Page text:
Professor Jim Al-Khalili explores how studying the atom forced us to rethink the nature of reality itself. Al-Khalili shows how the world we think we know turns out to be a tiny sliver of an infinitely weirder universe than which we could have conceived.
An Excerpt from Peter Russells 'Science To God' ...
Chapter 4. The Illusion Of Reality
The new metaparadigm is based on the premise that consciousness is a primary quality of reality. And it can be considered primary in two distinct ways. The first I have just outlined: the faculty of consciousness, the capacity for experience, is present in all things. The second way in which consciousness is primary is the fact that we never directly experience the world around us. All we ever know are the contents of consciousness, the thoughts, feelings, perceptions and sensations that appear in the mind. This one fact leads to a radical rethinking of the relationship between consciousness and reality.
The idea that we never experience the physical world directly has intrigued many philosophers. Most notable was the eighteenth-century German philosopher Immanual Kant, who drew a clear distinction between the forms that appear in the mind–what he called the phenomenon (a Greek word meaning "that which appears to be")–and the world that gives rise to this perception, which he called the noumenon (meaning "that which is apprehended"). All we know, Kant insisted, is the phenomenon. The noumenon, the "thing-in-itself," remains forever beyond our knowing.
A century earlier, the British philosopher, John Locke, had argued that all knowledge is based on perceptions, caused by external objects acting on the senses. But whereas Locke thought that perception was passive, the mind simply reflecting the images received by the senses, Kant proposed that the mind is an active participant in the process, continually shaping our experience of the world. Reality, he saw, is something we each construct for ourselves.
Unlike some of his predecessors, Kant was not suggesting that this reality is the only reality. The Irish theologian, Bishop Berkeley, had argued that we know only our perceptions, and had then concluded that nothing exists apart from our perceptions, –which led him into the difficult position of having to explain what happened to the world when no one was perceiving it. Kant held that there is an underlying reality, but we never know it directly. All we can ever know is how it appears in our minds.
The Image In the Mind
Remarkably, Kant came to these conclusions without any of our current scientific knowledge, or any understanding of the physiology of perception. Today we know a lot more about how the brain constructs its picture of reality.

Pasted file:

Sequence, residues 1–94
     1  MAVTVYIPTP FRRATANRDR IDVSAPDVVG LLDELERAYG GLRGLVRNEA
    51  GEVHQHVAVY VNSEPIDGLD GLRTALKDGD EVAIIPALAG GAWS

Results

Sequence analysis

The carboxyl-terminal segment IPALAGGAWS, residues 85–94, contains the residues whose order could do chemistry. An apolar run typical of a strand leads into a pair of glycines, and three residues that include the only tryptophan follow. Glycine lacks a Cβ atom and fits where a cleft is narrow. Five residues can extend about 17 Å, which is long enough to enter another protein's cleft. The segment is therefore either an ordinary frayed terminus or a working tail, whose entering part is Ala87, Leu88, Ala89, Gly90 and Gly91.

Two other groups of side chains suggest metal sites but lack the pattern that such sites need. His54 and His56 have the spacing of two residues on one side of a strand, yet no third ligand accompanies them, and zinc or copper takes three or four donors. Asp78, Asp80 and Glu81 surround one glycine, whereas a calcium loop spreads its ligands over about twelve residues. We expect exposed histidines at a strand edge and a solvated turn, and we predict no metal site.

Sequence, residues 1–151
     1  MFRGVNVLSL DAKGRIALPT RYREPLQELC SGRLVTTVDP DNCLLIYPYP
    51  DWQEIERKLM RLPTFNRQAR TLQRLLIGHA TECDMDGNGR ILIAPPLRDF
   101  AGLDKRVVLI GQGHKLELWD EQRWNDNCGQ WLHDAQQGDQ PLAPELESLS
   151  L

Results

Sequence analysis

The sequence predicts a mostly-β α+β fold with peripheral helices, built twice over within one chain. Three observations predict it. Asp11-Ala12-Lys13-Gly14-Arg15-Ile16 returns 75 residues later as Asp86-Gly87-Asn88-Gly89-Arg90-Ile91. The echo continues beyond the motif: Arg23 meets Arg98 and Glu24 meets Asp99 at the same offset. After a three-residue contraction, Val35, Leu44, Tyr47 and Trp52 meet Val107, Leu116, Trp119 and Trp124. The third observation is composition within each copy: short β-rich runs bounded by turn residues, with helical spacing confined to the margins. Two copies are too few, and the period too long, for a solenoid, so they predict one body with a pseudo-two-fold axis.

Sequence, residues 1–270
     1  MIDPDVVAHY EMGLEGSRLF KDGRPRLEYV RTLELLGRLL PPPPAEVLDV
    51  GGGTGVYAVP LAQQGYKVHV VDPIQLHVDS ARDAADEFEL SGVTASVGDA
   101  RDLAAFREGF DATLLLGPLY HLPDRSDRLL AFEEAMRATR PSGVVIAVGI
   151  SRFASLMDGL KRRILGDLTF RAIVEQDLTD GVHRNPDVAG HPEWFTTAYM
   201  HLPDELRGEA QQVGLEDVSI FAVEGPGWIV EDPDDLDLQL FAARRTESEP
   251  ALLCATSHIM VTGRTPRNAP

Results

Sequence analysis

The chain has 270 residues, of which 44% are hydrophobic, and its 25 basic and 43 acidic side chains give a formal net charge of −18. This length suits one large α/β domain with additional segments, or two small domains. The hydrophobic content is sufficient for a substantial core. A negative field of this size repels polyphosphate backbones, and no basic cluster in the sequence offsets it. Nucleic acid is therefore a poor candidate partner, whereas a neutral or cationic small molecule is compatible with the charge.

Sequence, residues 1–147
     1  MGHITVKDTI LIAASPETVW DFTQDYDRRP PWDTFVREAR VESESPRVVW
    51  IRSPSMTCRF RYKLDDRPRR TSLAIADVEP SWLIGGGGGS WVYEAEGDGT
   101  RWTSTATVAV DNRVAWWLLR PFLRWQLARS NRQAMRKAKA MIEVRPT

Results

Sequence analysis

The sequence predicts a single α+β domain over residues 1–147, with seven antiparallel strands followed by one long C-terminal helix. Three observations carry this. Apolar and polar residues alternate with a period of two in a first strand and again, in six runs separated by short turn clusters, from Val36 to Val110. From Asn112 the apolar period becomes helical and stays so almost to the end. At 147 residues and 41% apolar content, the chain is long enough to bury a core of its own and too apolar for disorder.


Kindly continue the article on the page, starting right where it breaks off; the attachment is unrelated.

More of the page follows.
When I look at a tree, light reflected from the tree forms an image of the tree on the retina of my eye. Photo-sensitive cells in the retina discharge electrons, triggering electro-chemical impulses that travel down the optic nerve to the visual cortex of the brain. There the data undergoes a complex processing that detects shapes, patterns, colors and movements. The brain then integrates this information into a coherent whole, creating its own reconstruction of external world. Finally, an image of the tree appears in my consciousness. Just how my neural activity gives rise to a conscious experience is the "hard problem" we touched on earlier. But even though we have no idea how an image appears in the mind, it does happen. I have the conscious experience of seeing a tree.
Similar activities take place with the other senses. A vibrating violin string creates pressure waves in the air. These waves stimulate minute hairs in the inner ear, which send electrical impulses on to the brain. As with vision, the raw data are then analyzed and integrated, culminating in the experience of hearing music.
Chemical molecules emanating from the skin of an apple trigger receptors in the nose, leading to the experience of smelling an apple. And cells in the skin send messages to the brain that lead to experiences of touch, pressure, texture and warmth.
In short, all that I perceive–all that I see, hear, taste, touch and smell–has been reconstructed from sensory data. I think I am perceiving the world around me, but all that I am directly aware of are the colors, shapes, sounds and smells that appear in the mind.
Our perception of the world has the very convincing appearance of being "out there" around us, but it is no more "out there" than are our nightly dreams. In our dreams we are aware of sights, sounds and sensations happening around us. We are aware of our bodies. We think and reason. We feel fear, anger, pleasure and love. We experience other people as separate individuals, speaking and interacting with us. The dream appears to be happening "out there" in the world around us. Only when we awaken do we realize that it was all just a dream–a creation in the mind.
When we say "it was all just a dream" we are referring to the fact that the experience was not based on physical reality. It was created from memories, hopes, fears, and other factors. In the waking state, our image of the world is based on sensory information drawn from our physical surroundings. This gives our waking experience a consistency and sense of reality not found in dreams. But the truth is, it is as much a creation of our minds as are our dreams.
Source : Peter Russell
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